In 2005, the Missouri state legislature developed a funding mechanism called the “foundation formula” to fund K-12 education in the state. The foundation formula uses a mathematical equation to determine the amount of funding that each school district is set to receive. This equation takes into account several factors for each school district including everything from student enrollment, the number of low-income students, and student attendance. However, the foundation formula is largely based on property, income, and sales taxes for the given district with the central component being taxable property wealth. The foundation formula is designed to provide more equitable funding between school districts across the entire state of Missouri. The formula adopted in 2005 was designed to focuses on student need. The previous formula simply attempted to compensate for the inequities in property tax bases between school districts. The change to the new formula was motivated by a law suit filed by more than 100 school districts across the state of Missouri.
In the midst of a devastating economic recession the Missouri state legislature has been forced to consider cutting a portion of the funding the foundation formula. The initial appropriations bill called for decreased funding to be taken from the least affluent school districts. Missouri Governor Jay Nixon vehemently opposed the appropriations bill arguing the reductions in K-12 funding be spread evenly across all school districts. In addition, Governor Nixon felt it was inappropriate and unconstitutional to reverse an established statute by way of an appropriations bill. Currently, legislation is being drafted in an effort to provide a more fair solution to the budget cuts that will be taken from K-12 education. Nevertheless, any decrease in funding of the foundation formula will result in less money available for K-12 education. Ultimately, this places an extraordinary burden on school districts and schools to find creative ways to maintain operation without a substantial decrease in the education they offer students. This often requires school boards to expand class sizes, reduce curriculum offerings, and freeze teacher salaries. Clearly, these changes directly impact the educational experience of students. In addition, larger class sizes means less one on one attention between teachers and students. This may likely have a disproportionate impact on Missouri’s neediest students. With recent concern about the quality of K-12 education in Missouri and Governor Nixon urging the importance of limiting cuts to K-12 educations; the reality of the harsh economic conditions is beginning to set in. Even budget expenditures that are considered fundamental components of government are on the chopping block.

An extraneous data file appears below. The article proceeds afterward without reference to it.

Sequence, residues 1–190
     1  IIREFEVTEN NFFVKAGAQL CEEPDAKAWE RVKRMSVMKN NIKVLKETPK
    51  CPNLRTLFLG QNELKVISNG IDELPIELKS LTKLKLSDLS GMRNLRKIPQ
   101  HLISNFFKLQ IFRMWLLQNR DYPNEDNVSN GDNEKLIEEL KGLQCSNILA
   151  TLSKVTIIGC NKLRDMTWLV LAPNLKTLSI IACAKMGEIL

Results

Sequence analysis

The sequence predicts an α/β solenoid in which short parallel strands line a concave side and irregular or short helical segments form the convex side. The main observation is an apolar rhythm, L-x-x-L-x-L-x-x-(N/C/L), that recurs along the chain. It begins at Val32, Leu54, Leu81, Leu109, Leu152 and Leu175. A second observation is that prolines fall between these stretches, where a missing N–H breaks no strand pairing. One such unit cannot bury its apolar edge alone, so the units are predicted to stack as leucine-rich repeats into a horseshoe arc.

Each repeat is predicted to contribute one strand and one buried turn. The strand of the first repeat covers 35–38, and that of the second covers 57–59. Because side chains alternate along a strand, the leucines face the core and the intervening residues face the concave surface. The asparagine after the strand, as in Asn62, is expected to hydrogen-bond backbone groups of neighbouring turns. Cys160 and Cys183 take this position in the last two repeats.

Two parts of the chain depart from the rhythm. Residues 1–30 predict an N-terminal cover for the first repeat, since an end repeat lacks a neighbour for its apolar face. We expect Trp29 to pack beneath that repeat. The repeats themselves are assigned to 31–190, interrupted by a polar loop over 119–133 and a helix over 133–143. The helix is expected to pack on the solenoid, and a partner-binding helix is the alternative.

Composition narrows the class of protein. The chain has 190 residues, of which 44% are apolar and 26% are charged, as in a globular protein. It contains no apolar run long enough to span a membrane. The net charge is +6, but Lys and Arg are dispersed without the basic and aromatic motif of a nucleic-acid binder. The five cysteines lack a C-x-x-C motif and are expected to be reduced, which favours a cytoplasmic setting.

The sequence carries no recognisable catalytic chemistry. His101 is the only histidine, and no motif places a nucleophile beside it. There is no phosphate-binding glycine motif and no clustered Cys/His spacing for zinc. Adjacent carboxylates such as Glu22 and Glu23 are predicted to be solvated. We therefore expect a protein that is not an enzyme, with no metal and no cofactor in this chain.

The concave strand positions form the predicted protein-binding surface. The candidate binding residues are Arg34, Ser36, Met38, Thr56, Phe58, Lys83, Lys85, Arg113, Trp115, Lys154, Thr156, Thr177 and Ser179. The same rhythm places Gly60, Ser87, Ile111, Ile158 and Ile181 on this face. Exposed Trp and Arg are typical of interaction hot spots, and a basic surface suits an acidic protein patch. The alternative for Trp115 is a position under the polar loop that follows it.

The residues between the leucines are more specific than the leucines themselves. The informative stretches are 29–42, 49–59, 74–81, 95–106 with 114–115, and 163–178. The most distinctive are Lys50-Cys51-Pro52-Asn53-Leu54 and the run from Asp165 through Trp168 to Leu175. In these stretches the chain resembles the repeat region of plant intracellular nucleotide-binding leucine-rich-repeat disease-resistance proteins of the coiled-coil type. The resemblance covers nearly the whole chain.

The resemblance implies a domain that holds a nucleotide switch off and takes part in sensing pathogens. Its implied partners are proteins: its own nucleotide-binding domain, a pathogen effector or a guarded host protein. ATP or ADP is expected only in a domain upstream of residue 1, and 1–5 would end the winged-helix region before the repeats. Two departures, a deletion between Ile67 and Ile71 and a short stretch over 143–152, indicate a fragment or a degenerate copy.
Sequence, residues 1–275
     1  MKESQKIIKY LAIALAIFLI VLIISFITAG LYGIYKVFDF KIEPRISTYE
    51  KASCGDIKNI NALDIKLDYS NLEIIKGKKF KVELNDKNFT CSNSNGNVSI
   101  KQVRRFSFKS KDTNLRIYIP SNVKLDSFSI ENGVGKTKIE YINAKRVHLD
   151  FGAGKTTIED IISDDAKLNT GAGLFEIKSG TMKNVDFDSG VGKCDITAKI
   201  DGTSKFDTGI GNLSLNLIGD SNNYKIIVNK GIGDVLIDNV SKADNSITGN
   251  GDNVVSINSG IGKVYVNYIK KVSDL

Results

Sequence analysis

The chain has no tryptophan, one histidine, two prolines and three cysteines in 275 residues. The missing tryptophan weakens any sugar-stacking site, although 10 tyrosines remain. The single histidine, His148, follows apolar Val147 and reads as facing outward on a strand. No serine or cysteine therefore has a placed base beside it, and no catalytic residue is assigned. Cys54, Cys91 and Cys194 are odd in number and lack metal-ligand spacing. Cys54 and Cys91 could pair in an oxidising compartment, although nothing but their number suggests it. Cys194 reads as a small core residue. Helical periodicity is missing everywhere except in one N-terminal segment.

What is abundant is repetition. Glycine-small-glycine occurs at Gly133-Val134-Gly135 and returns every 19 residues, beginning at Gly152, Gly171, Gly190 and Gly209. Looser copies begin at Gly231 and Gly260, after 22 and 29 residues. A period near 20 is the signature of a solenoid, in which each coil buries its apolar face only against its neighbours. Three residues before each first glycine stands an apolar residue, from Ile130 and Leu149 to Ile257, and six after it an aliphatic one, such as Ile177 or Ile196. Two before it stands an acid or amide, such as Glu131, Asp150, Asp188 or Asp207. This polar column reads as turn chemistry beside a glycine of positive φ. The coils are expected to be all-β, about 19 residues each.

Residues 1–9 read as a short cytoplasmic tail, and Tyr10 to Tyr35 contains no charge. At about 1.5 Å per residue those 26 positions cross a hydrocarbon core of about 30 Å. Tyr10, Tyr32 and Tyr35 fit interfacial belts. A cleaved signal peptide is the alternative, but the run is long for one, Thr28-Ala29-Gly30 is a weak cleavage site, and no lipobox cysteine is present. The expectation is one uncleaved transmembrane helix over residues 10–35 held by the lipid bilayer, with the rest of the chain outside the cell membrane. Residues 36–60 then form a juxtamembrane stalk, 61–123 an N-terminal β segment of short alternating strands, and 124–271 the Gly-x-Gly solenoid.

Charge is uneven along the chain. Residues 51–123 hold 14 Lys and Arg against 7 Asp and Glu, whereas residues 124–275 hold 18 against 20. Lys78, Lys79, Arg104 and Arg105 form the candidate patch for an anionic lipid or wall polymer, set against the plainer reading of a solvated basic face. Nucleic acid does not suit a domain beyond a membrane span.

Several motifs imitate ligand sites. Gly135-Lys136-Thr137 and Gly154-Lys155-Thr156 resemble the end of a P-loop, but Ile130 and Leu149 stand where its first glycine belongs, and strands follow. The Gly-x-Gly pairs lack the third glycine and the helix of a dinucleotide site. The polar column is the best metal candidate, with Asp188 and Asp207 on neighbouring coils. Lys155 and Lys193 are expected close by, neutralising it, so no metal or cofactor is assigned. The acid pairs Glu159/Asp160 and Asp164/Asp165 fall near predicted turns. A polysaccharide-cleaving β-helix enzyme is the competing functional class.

For more info see: http://www.globe-democrat.com/news/2010/apr/14/senates-late-night-looks-ways-spend-less/